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Animal vegetable vitamin

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A new study published in the American Journal of Clinical Nutritional suggests that vitamin D intake needs to be modified so that public health recommendations include nutritional sources of vitamin D (D3) from meat and fish rather than plant based vitamin D (D2).

There have been conflicting views as to whether nutrition from vitamin D2 and D3 were different, with nutritional scientists thinking both forms of the vitamin are “biologically equivalent”.

The double blind placebo study showed that a significant increase in D3 was absorbed when compared to D2. It was undertaken in conjunction with Division of Health Sciences, School of Population Health, University of South Australia by was the largest of its kind to be undertaken.

The study was run during the winter months to exclude any effects of sunlight exposure on vitamin D levels.

Vitamin D levels in women who received vitamin D3 from juice or a biscuit increased their vitamin D levels from their baseline measurements by around 75 per cent, whereas those given vitamin D2 had an average increase in vitamin D levels of around 33 per cent over the course of the 12-week intervention.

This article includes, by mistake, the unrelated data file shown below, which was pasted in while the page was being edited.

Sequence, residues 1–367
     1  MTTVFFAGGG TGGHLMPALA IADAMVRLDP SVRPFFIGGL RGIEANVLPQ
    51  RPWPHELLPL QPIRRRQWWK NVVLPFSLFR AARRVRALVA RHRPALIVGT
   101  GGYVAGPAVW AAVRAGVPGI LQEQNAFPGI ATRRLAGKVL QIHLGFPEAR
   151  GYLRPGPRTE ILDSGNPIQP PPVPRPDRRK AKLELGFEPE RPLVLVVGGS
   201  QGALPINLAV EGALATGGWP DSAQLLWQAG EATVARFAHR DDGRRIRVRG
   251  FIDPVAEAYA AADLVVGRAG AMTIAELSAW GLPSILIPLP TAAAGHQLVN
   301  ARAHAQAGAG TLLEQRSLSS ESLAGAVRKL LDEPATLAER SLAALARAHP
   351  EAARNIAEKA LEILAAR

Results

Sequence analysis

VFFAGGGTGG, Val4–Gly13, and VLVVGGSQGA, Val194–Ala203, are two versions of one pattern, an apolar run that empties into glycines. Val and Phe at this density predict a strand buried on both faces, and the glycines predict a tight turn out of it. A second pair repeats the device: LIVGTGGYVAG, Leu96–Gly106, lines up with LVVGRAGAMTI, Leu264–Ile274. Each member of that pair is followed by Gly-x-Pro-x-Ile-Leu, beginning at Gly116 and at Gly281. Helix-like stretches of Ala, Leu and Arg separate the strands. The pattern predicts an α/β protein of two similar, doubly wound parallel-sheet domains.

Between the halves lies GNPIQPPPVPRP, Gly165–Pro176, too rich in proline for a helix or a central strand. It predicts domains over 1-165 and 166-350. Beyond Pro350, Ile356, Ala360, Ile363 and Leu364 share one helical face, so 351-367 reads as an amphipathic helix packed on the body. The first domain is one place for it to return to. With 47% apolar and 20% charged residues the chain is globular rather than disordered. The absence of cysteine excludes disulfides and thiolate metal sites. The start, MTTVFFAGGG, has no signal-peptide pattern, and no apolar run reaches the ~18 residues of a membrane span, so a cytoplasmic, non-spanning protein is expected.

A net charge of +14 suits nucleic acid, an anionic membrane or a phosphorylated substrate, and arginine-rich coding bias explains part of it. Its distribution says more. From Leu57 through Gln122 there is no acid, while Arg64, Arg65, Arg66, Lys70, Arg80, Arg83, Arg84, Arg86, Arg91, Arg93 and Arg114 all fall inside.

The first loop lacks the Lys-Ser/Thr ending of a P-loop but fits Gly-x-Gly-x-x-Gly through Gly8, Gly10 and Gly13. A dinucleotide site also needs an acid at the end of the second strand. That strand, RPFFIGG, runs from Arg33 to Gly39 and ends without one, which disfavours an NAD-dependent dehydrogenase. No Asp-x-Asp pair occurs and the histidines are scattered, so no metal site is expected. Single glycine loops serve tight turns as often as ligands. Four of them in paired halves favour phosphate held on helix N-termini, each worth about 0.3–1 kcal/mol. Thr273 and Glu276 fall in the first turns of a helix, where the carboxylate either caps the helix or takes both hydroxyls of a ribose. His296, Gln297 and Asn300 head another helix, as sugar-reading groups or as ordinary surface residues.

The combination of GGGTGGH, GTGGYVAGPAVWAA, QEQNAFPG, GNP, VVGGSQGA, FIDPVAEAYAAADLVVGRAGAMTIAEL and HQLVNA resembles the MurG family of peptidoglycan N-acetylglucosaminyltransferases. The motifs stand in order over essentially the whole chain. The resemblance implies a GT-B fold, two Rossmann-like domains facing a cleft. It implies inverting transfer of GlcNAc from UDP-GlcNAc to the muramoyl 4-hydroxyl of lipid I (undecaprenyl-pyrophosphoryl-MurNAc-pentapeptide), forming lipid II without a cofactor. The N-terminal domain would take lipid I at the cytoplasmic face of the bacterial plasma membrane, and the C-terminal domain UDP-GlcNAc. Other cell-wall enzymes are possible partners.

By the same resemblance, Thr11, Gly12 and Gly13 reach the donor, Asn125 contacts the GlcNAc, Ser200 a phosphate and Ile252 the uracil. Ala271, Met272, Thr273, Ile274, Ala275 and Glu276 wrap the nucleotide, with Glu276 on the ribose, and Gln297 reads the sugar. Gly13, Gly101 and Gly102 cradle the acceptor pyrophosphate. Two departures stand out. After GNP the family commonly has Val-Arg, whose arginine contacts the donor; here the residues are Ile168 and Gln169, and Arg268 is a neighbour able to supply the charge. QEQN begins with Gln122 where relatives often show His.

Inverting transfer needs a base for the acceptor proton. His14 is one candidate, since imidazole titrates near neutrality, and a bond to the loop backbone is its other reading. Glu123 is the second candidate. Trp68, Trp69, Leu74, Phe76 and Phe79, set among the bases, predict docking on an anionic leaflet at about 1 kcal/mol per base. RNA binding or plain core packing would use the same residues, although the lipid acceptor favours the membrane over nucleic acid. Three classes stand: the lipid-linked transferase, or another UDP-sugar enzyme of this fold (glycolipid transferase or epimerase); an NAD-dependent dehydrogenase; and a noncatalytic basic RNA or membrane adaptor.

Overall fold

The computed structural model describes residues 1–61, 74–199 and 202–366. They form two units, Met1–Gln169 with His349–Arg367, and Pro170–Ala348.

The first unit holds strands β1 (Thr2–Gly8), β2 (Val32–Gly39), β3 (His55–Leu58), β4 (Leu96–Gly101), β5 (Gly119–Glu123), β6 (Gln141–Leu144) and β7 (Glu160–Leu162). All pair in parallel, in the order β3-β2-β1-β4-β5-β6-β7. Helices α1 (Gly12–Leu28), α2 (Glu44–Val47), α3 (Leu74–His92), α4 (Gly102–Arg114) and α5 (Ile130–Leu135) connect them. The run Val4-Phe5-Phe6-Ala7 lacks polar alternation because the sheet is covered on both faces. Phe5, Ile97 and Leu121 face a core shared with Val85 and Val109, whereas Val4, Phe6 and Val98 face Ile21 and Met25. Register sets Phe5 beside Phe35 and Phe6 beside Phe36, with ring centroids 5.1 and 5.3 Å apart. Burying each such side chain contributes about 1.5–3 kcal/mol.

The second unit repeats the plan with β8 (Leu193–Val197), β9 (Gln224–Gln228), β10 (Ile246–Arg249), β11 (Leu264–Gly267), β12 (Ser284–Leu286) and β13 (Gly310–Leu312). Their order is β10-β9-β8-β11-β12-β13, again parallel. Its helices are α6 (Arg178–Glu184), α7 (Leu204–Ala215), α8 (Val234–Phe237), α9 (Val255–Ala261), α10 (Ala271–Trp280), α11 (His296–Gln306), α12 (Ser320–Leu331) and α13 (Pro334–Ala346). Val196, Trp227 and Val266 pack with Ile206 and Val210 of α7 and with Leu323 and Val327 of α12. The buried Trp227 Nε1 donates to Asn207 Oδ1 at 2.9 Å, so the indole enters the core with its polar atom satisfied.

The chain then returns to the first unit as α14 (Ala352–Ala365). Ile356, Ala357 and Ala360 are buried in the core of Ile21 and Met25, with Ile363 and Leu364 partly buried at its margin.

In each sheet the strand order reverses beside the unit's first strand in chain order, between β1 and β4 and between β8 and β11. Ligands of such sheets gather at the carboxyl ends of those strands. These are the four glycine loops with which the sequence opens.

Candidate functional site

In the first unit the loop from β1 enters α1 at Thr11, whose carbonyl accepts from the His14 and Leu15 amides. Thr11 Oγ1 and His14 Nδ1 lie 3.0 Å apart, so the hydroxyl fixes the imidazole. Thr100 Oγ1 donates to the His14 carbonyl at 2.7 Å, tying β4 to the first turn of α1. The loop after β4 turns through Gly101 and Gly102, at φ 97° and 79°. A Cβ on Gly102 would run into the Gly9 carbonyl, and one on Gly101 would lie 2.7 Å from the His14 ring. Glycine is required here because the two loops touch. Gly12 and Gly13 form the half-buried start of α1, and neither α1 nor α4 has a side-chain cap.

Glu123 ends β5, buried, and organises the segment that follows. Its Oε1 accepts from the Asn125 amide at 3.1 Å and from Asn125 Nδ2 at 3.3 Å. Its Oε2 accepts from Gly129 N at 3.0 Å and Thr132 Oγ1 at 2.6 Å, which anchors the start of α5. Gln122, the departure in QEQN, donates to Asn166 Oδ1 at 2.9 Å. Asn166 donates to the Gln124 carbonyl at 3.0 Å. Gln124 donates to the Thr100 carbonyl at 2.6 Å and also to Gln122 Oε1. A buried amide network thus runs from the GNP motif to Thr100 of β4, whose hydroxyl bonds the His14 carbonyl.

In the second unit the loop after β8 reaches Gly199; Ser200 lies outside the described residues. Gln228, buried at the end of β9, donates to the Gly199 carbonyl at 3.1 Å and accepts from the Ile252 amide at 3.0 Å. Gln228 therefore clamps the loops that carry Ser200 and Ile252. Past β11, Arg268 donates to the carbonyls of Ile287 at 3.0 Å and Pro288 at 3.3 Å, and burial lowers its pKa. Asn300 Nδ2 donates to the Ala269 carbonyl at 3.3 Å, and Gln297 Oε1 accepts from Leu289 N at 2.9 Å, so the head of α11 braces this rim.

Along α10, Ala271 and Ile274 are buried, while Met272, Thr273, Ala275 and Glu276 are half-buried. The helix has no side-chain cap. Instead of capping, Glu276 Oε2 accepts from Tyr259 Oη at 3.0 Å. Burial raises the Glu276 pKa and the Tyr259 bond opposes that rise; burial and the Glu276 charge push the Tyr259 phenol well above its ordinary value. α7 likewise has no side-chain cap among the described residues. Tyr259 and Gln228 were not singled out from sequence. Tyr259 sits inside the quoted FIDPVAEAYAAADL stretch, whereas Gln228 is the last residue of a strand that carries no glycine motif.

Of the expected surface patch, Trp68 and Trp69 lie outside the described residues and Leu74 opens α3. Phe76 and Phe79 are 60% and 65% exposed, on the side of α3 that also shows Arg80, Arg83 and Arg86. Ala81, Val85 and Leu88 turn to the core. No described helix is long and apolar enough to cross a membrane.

As expected, participants who were in the placebo group saw their vitamin D levels fall by a quarter.

Vitamin D is a hormone that controls calcium levels in the blood. It is needed to develop and maintain healthy bones, muscles and teeth and is also important for general health. In Australia Vitamin D occurs naturally in fish and eggs, while margarine and some types of milk have added vitamin D. 

The National Cancer Council of Australia notes a balance is required between excessive sun exposure that increases the risk of skin cancer and enough sun exposure to maintain adequate vitamin D levels. Short periods (of a few minutes) of sun exposure may be more efficient at producing vitamin D than long periods. 

MEREDITH HORNE

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